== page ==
Dr. Rita R. Colwell
NATIONAL SCIENCE FOUNDATION
The National Educational Research Policy and Priorities
Department of Education
March 18, 1999
Slide 1: Title
Thank you, Dr. Hakuta and members of the board. It
is a pleasure for me to join all of you. You collectively
bring a wealth of expertise to what I consider to
be perhaps the most critical research area facing
Let me begin by sharing a story I heard following the
snow we had last week. A friend told me that his car
slid off the road and into a small ditch.
Fortunately, one of his neighbors drove by with his
4x4 pickup--complete with a towing hook. Just the
kind of vehicle you need in the suburbs.
In any event, they hooked a chain around the car's
rear bumper and started pulling. After a few seconds,
the car lurched--and then the bumper flew off, leaving
the car in the ditch.
The driver of the truck than shrugged his shoulders
and said: "Bob, if we don't start pulling out bigger
pieces--we're going to be here all day."
This story does more than just remind us that the weather
has improved immensely since last week. It also reminds
us that we need to think beyond piecemeal approaches.
It's time to think big.
Slide 2: Imperatives
It is no secret that education in this country is seen
as an imperative.
- Our economy is in the midst of a profound transformation,
in which people's livelihoods are depending less
on what they are producing with their hands, and
more on what they are producing with their brains.
- Alan Greenspan has described this as the advent
of a "conceptual-based economy."
- The Bureau of Labor Statistics projects that the
fastest growing job categories will be in professions
with significant educational requirements.
- Governors across the country, trying to stay ahead
of the curve, have set up state science and technology
initiatives to spur economic development. They
are concerned by the very real possibility that
they will not have enough workers with sufficient
education and training to fill those jobs.
It is an open question as to whether we are ready to
meet these needs.
The results of the recent TIMSS study were a wake-up
call. We all learned that U.S. high school students
trail those of other industrialized nations in math
and science performance.
Our teaching materials, furthermore, were found to
be superficial and unfocused by international standards.
As the National Science Board concluded in its recent
report: "U.S. students are not taught what they need
These findings should be seen as a warning sign. If
we're not mindful, we might fail to meet our nation's
We could start to see the best jobs, and technological
and economic leadership, begin moving beyond our borders.
Fortunately, there is a positive side of this story
as well, which is what I want to focus on today.
Researchers and educators, working together, are making
the kinds of progress that will help us meet and overcome
the enormous educational challenges that we face.
The National Research Council, the National Science
Board, and the President's Committee of Advisors on
Science and Technology have all issued reports recently.
These reports have assessed the scope of the challenges
ahead, and suggested policy roadmaps that we can follow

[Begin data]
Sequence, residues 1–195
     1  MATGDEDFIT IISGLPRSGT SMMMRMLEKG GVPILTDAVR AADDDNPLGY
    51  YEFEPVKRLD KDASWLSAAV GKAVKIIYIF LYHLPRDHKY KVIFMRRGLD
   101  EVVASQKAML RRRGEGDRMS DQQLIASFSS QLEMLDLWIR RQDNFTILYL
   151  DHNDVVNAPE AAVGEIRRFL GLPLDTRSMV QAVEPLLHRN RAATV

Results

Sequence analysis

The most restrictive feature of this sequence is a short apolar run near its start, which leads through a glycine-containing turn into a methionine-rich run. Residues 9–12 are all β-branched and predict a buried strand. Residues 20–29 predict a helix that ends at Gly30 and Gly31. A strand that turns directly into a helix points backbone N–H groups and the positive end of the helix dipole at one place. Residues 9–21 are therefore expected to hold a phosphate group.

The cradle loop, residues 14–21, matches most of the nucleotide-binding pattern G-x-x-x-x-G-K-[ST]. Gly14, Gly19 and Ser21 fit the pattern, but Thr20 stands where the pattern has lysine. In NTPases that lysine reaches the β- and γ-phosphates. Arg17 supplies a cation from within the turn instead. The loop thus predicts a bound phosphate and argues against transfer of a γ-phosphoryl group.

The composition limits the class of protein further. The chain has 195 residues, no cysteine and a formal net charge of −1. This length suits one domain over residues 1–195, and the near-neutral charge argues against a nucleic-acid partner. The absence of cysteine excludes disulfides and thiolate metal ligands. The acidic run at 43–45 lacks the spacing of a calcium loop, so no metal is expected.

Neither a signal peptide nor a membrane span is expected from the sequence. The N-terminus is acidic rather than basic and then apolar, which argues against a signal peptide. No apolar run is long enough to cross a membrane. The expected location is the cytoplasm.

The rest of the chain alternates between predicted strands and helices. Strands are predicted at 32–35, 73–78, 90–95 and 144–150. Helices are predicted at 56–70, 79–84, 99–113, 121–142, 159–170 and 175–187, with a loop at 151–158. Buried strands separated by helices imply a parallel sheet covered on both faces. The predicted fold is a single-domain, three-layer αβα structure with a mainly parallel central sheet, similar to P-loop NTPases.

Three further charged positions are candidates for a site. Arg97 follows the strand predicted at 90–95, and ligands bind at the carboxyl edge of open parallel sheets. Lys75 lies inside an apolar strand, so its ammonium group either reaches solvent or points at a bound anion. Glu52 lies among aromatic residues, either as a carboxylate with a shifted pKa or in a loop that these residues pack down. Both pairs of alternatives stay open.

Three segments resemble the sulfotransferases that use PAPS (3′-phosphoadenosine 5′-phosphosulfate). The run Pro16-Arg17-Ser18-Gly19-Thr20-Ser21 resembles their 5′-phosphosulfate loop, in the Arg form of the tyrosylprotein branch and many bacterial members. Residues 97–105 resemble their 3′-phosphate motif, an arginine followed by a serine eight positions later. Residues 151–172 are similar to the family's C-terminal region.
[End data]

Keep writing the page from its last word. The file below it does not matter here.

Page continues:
to improve significantly the effectiveness of our
All three reports stress that research can and must
play a central role in strengthening our educational
Federal funds for education research dropped fivefold
from the mid-1970's to the mid-1980's: PCAST has recommended
that educational research funding be restored to at
least ½ of 1 percent of total K-12 educational expenditures
(currently that would amount to about $1.5 billion).
As a researcher and an educator myself, I am in full
agreement both with the attention being paid, and
the discoveries being made by researchers--from all
of the many different disciplines--who are taking
innovative approaches to education research.
Slide 3: Learning About
Some of these findings offer tantalizing suggestions
of the opportunities that lie ahead, to educate people
in potentially very different and more effective ways.
For example, several lines of research suggest that
the developmental capacities of children may be greater
than we have traditionally assumed.
We're learning that, at a strikingly early age, children
can benefit from being read to, and start to appreciate
They may also be able to use relatively abstract concepts
from scientific reasoning and mathematics (like hypothesis
testing and rates of change) much earlier than they
would normally be introduced to these topics in a
How might that affect our teaching of reading, math,
and science, to our children?
Can we introduce them to more sophisticated concepts,
and develop useful technologies that reinforce the
learning process? These research findings suggest
that we can.
Slide 4: Meeting Needs
We have also begun to learn about some of the differences
in how children learn. We know they bring different
experiences and motivations into the classroom. These
and other factors affect performance.
Learning is a multi-modal process, and classrooms of
the future must meet the needs of children who learn
in many different ways.
Slide 5: Interdisciplinary
Approaches to Learning
We are also seeing rapid progress in our understanding
of learning at its most fundamental level.
Researchers are now bringing new biomedical, computational,
and interdisciplinary tools to learning research.